Subject: I have found a CD that I think you would enjoy
|Dianne Reeves, Patti Austin, Stevie Wonder|
Handel's Messiah: A Soulful Celebration
Genres: Folk, Jazz, Special Interest, Pop, R&B, Classical, Broadway & Vocalists, Gospel
A virtual Who's Who of contemporary African-American music interprets Handel's 250-year-old oratorio. The roster includes Vanessa Bell Armstrong, Patti Austin, Boys Choir of Harlem, Andrea Crouch, Edwin Hawkins, Al Jarreau... more »
A virtual Who's Who of contemporary African-American music interprets Handel's 250-year-old oratorio. The roster includes Vanessa Bell Armstrong, Patti Austin, Boys Choir of Harlem, Andrea Crouch, Edwin Hawkins, Al Jarreau, Quincy Jones, Gladys Knight, Johnny Mathis, Phylicia Rashad, Vanessa WIlliams, Stevie Wonder and the Yellowjackets.
No Track Information Available
Media Type: CD
Artist: HANDEL'S MESSIAH-SOULFUL CE
Title: HANDEL'S MESSIAH-SOULFUL CELEB
Street Release Date: 08/15/1995
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Contemporary interpretations of classic music
Eric V. Moye | New York, by way of Dallas | 12/13/2000
(5 out of 5 stars)
"Another reviewer hit it on the head: This disc shows that even in these classic compositions, there is plenty of room for innovative interpretations.Forget the ethnocentric nature of some resposes. ANYONE who is a lover of music will love this disc. Wonderful work is done here on some very familiar songs, such as the Boys Choir of Harlem's rendition of "Glory To God". "And The Glory of the Lord", "A Child Is Born", and "Every Valley Shall Be Exalted" are nothing short of contemporary masterpieces.The best, however is the Hallelujah Chorus. It must be played loud, in the house, in the car, in the office, or anywhere else. It is the most inspiring music I have ever heard. Somewhere, Handel is smiling and marvelling at what has come from the wonder which he penned two centuries ago.Everyone should own this disc!"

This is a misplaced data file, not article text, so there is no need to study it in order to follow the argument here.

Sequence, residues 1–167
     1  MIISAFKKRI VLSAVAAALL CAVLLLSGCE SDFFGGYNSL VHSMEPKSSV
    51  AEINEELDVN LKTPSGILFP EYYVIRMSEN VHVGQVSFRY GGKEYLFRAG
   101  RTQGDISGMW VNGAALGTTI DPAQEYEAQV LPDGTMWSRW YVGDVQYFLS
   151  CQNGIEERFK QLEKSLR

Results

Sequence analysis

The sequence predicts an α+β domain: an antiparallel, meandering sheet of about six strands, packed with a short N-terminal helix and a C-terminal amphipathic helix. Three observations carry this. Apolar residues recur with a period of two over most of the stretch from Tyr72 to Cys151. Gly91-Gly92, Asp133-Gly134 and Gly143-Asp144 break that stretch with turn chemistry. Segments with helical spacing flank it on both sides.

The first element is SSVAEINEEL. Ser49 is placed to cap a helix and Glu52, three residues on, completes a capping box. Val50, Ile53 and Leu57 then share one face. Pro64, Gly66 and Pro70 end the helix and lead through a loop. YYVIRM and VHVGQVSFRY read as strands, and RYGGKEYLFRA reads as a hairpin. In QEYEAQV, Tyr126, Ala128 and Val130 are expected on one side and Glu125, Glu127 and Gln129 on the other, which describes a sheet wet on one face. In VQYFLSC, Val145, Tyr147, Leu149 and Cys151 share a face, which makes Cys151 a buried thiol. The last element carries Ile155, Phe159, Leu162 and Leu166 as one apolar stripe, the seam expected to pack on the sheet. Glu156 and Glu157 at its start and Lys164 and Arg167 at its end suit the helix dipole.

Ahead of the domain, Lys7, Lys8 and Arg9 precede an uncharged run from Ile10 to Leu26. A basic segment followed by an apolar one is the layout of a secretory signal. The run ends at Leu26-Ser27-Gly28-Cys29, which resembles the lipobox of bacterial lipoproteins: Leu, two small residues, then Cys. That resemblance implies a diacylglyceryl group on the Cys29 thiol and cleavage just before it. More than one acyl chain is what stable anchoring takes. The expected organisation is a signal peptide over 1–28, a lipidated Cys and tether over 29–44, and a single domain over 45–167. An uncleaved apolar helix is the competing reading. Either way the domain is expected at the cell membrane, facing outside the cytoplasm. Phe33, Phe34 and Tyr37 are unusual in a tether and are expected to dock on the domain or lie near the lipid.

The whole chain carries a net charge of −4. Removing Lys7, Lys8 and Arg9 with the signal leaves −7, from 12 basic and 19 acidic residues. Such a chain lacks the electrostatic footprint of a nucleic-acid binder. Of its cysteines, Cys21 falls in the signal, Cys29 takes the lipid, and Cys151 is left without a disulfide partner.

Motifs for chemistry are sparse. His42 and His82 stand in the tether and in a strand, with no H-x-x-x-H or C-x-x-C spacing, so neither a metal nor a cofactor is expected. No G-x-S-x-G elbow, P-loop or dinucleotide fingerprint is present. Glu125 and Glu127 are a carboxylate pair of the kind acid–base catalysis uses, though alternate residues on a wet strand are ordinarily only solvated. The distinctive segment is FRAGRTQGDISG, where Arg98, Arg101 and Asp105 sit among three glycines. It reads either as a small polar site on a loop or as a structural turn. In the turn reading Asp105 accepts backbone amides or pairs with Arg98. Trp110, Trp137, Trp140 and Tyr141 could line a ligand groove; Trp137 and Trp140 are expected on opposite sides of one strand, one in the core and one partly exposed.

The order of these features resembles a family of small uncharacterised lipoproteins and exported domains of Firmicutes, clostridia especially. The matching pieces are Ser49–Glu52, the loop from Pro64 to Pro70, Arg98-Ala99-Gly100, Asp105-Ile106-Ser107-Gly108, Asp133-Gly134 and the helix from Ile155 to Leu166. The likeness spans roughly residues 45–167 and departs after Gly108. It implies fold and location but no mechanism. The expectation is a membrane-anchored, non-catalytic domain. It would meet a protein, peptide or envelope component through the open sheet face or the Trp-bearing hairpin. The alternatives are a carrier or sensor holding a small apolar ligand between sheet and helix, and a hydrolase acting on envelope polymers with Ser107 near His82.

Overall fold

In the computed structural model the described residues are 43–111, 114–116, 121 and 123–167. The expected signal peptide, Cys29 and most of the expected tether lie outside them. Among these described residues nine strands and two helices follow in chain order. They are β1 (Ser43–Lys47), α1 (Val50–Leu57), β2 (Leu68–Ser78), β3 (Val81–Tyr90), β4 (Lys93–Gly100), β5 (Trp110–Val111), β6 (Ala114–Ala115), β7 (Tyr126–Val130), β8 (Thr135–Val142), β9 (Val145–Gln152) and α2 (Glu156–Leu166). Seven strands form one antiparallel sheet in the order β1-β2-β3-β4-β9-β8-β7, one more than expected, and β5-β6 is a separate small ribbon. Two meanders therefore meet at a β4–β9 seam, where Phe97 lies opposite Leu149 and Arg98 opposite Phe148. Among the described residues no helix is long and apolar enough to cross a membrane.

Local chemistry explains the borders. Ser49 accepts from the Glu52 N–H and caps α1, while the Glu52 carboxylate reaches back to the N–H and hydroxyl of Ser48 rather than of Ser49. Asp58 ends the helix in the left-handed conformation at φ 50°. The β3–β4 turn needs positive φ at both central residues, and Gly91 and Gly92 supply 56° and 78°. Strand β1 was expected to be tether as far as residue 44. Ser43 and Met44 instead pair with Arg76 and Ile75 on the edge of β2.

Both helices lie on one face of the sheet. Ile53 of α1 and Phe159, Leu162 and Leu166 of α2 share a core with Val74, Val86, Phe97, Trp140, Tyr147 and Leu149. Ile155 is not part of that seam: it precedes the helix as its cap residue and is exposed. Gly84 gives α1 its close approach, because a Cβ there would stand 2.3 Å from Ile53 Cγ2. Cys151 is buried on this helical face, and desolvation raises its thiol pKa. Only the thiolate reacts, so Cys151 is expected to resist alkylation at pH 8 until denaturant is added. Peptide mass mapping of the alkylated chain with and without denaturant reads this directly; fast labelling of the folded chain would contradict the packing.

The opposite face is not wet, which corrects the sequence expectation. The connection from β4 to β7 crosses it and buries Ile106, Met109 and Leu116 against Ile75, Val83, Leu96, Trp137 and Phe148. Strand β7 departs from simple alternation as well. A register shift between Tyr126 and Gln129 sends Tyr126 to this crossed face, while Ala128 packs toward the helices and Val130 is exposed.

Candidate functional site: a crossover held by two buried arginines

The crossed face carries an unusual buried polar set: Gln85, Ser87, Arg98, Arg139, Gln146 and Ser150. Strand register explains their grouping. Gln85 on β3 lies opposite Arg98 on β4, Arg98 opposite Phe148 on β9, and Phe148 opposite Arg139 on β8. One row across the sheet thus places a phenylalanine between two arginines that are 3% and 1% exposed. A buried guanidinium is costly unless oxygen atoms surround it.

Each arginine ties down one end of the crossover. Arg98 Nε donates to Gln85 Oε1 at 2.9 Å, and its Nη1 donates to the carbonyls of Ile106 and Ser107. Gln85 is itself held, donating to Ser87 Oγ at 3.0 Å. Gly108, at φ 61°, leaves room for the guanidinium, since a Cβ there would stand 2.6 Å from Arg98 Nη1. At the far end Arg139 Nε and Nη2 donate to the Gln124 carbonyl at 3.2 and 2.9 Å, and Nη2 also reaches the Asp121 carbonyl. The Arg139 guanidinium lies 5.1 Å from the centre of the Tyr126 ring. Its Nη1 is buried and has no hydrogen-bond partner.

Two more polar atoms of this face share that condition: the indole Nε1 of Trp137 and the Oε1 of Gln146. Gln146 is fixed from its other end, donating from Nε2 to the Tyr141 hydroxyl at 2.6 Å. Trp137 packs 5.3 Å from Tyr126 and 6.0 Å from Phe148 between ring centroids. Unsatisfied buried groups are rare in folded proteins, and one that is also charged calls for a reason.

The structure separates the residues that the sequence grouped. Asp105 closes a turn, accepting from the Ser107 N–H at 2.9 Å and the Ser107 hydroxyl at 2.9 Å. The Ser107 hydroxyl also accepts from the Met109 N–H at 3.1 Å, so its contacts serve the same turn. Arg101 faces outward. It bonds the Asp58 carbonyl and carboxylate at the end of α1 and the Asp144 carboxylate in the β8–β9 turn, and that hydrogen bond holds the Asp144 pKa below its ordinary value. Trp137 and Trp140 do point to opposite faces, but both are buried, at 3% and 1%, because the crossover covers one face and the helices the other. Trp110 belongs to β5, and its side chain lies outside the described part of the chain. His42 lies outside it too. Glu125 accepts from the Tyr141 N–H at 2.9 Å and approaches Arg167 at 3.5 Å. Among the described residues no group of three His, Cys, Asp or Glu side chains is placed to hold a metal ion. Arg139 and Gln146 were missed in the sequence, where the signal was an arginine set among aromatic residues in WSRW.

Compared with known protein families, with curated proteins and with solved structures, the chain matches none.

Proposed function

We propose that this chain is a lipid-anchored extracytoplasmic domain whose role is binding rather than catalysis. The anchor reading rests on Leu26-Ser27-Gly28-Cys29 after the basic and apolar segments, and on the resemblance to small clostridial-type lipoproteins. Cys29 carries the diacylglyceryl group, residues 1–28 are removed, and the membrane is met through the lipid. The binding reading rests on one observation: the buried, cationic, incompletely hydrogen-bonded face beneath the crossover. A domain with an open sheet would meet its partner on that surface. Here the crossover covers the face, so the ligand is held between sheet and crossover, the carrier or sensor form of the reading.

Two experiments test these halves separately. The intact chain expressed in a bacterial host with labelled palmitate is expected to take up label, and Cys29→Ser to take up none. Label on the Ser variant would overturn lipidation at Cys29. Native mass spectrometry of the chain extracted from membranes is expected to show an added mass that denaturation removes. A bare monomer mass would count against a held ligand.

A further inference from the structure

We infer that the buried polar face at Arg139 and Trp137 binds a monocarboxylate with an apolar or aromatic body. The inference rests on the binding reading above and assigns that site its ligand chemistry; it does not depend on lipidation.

Groovin' With The Messiah!
Kellie Sisson Snider | 11/29/1999
(5 out of 5 stars)
"This is our tree trimming music now- and has been ever since I found it quite by accident a few years ago while trying to learn the Rejoice solo. I must admit that THIS Rejoice is the best, and I know it enhanced my, definitely more traditional, performance. Methinks perhaps that the reviewer for Amazon was a tad proud of him/herself the day the review was written. After a couple of egg nogs that reviewer will be groovin' with the rest of us!"
kiwimuzo | Auckland, New Zealand | 06/12/2003
(5 out of 5 stars)
"This is an amazing re-take on Handel's inspired work, streets ahead of the very 80s-sounding version which came out before it (Handel's Young Messiah). It's such an effective collaboration of hot musicians and conglomeration of afro-american musical styles. Highlights as follows:*The Overture (Track 1): a terrific hasty journey through the history of black music, including spiritual, ragtime, gospel, disco, hip-hop... and all using Handel's original tune!
*"But Who May Abide" (Track 5): the original alto/bass aria (depending on which edition you read from), but adapted by Patti Austin. Her vocals are outstanding - full of soul and integrity. The BV's are unbelievably good too.
*"O Thou that Tellest" (Track 8): the original alto aria, adapted by Take 6 and Stevie Wonder - so how could it possibly go wrong? Well, it doesn't! Close harmony and Stevie's classic voice - oh, yeah...
*"For Unto Us a Child is Born" (Track 9): the original opening chorus, shifted a little later into the work, and sung by Sounds of Blackness. Still very recognisable, but with more funky rhythms - and partly sung in Swahili!!
*"Why do the Nations So Furiously Rage Together?" (Track 14): The original bass aria, arranged by Mervyn Warren for big band (and WHAT A BIG BAND IT IS - Buddy Rich would be proud), with lead vocals by Al Jarreau. This one REALLY cooks!If you have not yet seen the signs, there are some stunningly awesome muzos on this album, and the result is amazing! I have to add, as a great fan of the original work (preferably with Baroque period instruments), this CD is a great compliment to Handel - who (fortunately!) recognised the importance of his composition, and encouraged future composers to keep adapting it to suit the times. This succeeds - and then some!"